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Article 9487

Category: Art
Date:     23 July 2007
Time:     04:39 AM


more (June)

The county-wide artist-led project 'MORE' started officially on June 1st. The four events that occurred 
during June are described below:


Embark: Allesandra Ausenda

When more started, Embark (Ferry Art Project) had already been running for a couple of months, with 
shows by James Hankey and Stephanie Boon in April and May (review to follow). Curated by CAN 
projects, Allesandra Ausenda's contribution followed on immediately afterwards, and it used the 
tranquil setting of the King Harry Ferry in Feock between Truro, Falmouth and the Roseland to good 

In classical antiquity it was customary to place a coin on the mouth or eyes of the dead, in order the 
pay Charon, the boatman to carry them across the river Styx to the afterlife. Although Allesandra's 
work linked the modern car ferry to its mythical ancestor, the images she used were not in the least 
macabre. Photos of herself and her relatives were placed alongside each other, in peaceful repose, 
as if, in death, they were merging with each other and with the seductive green waters around them. 



Tales of the Unexpected

'Tales of the Unexpected (TOTU)' was the other project that was up and running at the start of June. 
One of only two not linked to a single location: 'T.O.T.U' is a blog recording the activities of 8 artists as they make work in a 
number of 'unannounced and unofficial' locations across the county, in order to 'explore the 
psychogeography of Cornwall'. The photos and videos uploaded in June were largely made in the 
months preceding the start of MORE. 

They included some interventions that were very visible and public such as Green Cube's 'Be careful 
what you wish for' projected on the wall of Marks and Spencer's in Truro on a busy Friday night, 
Rupert White's drawing for a shop-doorway (TOPSHOP), and Swiftie's Ope, now becoming a 
permanent fixture in Truro town centre.  Others, however, like James Hankey's photographs made on 
the cliffs of the Lizard in the dead of night, Julia Giles' shadow photos, and Andy Hughes' photographs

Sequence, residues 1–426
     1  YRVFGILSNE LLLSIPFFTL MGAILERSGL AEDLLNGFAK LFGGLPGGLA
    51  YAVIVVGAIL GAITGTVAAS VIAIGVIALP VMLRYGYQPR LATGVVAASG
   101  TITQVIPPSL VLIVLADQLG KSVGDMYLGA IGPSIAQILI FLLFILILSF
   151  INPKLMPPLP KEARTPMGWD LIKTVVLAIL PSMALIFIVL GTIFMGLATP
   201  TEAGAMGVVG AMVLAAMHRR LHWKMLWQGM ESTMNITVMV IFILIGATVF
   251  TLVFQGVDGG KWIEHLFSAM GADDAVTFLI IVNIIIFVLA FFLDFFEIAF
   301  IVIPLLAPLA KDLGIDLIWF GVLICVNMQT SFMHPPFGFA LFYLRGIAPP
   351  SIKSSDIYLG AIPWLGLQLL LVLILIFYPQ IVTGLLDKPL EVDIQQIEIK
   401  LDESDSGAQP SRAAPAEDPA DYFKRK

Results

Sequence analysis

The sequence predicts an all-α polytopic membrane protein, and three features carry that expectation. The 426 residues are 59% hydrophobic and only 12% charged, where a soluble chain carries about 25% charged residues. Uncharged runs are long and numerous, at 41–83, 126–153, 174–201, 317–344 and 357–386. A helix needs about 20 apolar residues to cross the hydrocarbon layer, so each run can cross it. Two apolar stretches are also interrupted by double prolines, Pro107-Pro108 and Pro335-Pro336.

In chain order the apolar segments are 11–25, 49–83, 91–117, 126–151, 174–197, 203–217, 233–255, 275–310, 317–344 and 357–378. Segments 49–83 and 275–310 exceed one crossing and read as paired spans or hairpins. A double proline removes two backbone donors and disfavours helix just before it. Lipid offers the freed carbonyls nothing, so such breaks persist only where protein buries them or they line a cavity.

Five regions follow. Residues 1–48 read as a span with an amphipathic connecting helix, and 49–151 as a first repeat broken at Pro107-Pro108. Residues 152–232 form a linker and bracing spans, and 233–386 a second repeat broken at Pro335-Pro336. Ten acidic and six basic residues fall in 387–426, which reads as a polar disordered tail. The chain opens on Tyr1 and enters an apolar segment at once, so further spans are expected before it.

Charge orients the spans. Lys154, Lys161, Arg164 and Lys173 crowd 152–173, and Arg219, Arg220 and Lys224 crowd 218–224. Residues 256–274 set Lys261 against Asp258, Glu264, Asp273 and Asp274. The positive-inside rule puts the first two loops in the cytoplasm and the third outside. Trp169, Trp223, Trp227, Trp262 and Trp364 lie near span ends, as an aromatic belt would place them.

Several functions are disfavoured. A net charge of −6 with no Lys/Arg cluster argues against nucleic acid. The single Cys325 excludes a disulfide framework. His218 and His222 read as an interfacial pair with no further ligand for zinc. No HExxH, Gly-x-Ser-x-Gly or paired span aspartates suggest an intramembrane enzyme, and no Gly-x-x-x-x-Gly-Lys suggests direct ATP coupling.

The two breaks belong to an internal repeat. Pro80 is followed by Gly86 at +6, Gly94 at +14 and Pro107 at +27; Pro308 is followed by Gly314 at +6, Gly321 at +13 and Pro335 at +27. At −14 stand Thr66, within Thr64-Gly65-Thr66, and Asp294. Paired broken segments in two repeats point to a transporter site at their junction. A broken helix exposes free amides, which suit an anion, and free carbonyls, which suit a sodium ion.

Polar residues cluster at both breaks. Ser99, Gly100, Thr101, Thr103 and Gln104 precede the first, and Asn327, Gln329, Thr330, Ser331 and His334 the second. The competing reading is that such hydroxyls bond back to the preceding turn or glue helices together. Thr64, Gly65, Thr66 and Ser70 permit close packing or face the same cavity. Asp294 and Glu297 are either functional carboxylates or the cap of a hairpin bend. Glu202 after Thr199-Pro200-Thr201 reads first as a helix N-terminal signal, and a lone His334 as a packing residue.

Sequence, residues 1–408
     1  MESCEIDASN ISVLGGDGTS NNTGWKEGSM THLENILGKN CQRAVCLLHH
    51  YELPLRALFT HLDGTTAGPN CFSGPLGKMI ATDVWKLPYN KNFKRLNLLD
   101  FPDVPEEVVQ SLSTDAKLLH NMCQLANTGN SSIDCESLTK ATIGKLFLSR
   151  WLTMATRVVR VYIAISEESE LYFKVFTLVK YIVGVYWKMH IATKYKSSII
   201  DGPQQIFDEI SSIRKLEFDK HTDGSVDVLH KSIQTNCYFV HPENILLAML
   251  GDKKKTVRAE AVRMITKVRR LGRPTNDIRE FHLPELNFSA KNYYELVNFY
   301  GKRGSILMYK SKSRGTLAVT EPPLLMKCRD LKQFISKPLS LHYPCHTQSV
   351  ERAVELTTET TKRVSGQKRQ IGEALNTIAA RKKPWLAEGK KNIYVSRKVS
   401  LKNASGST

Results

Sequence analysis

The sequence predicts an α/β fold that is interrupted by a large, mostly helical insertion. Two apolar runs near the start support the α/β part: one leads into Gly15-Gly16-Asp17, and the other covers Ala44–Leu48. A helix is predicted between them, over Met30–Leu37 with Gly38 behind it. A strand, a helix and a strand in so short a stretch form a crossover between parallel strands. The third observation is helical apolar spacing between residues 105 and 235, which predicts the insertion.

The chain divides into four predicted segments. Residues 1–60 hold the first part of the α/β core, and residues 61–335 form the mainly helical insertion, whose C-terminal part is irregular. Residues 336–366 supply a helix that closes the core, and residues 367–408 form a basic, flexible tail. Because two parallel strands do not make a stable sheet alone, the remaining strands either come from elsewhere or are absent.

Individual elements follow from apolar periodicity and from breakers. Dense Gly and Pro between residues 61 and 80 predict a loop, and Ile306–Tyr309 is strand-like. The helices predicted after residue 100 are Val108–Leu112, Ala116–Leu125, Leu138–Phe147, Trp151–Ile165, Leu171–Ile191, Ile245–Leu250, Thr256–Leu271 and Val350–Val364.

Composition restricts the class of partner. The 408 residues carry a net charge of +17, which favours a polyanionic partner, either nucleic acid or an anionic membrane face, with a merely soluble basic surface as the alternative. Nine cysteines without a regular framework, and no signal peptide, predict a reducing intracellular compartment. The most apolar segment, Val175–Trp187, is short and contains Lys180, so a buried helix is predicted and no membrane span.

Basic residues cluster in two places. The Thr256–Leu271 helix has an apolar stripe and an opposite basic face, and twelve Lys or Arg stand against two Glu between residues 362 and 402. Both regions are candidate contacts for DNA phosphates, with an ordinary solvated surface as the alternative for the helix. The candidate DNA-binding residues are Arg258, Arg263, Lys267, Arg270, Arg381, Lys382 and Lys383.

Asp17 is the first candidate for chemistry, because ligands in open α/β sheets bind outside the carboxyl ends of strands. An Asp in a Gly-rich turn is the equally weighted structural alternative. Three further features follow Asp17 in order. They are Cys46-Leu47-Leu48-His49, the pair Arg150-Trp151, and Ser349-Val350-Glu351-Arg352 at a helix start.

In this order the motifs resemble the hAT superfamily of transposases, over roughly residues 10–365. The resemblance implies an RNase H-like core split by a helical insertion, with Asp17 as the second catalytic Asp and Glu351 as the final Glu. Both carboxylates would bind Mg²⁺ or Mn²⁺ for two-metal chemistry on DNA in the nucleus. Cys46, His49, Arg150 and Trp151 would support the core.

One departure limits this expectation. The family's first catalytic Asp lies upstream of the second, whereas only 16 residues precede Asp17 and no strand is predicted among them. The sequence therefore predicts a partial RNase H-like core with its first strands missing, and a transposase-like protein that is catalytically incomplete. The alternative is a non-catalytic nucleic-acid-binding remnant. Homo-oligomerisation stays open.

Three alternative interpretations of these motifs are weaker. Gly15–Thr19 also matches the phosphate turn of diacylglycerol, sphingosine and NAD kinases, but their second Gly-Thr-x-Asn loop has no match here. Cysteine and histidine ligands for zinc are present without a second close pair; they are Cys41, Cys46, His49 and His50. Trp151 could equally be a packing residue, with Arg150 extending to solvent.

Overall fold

of Hayle Towans, were records of inaccessible locations with private significance. 


A.S.A (Stamping out bad art)

The Anti-Swiftie Association (A.S.A - below), a somewhat sinister right-wing organisation apparently 
dedicated to 'stamping out bad art in Cornwall' mounted a special campaign for MORE Cornwall that 
took the form of a CD of music and sampled sounds, 500 of which were distributed via ARC to 
various venues across Cornwall from mid-June onwards. Exceedingly deranged, in fact off-the-scale 
deranged, and spanning every genre, it included a song comprising 50 whoops by David Sherry, two 
songs performed by pre-school children, and other disturbing works by the eponymous Mr Hubris 
himself. Who or what is this movement? What do they stand for? Are they really serious? Are they 
stamping out bad art or are they themselves bad art? If things seemed confused before this CD came 
out, they were more so afterwards.


Just Re-located

The other project that was launched in June was Just Re-located, at the Count House in Botallack 
near St Just in the far west of Cornwall.  Installed for two weeks this featured the work of 3 artists, all of 
whom appeared to be showing art that responded to different aspects of this distinct and striking 

Jo Hoddinott drew attention to its geological features by placing rocks containing metal ore in acid.  
Veronica Vickery was more sociological in her approach, showing an installation of images and 
conversations recorded with residents of St Just in Penwith. This was integrated with more 
impersonal documents describing some of the recent initiatives that have affected the area (such as 
being granted world Heritage Site status).  

St Just is a town in one of the most deprived parts of Europe, and like other parts of Cornwall 
attempts to regenerate it have been only partially successful. Some of these issues were highlighted 
by Bruce Davies who examined the recent history of the mining sites adjacent to St Just, by 
performing a study of the graffiti adorning the old mine workings there. During the Objective One 
funded  'consolidation' of these sites, the National Trust decided against cleaning the graffiti from 
them as it recognised that it contributes to the ongoing story of the sites, and thus keeps that story 
alive. This strangely tolerant attitude appears in contrast to graffiti in urban areas where commercial 
interests are more dominant, and personal histories are erased. 

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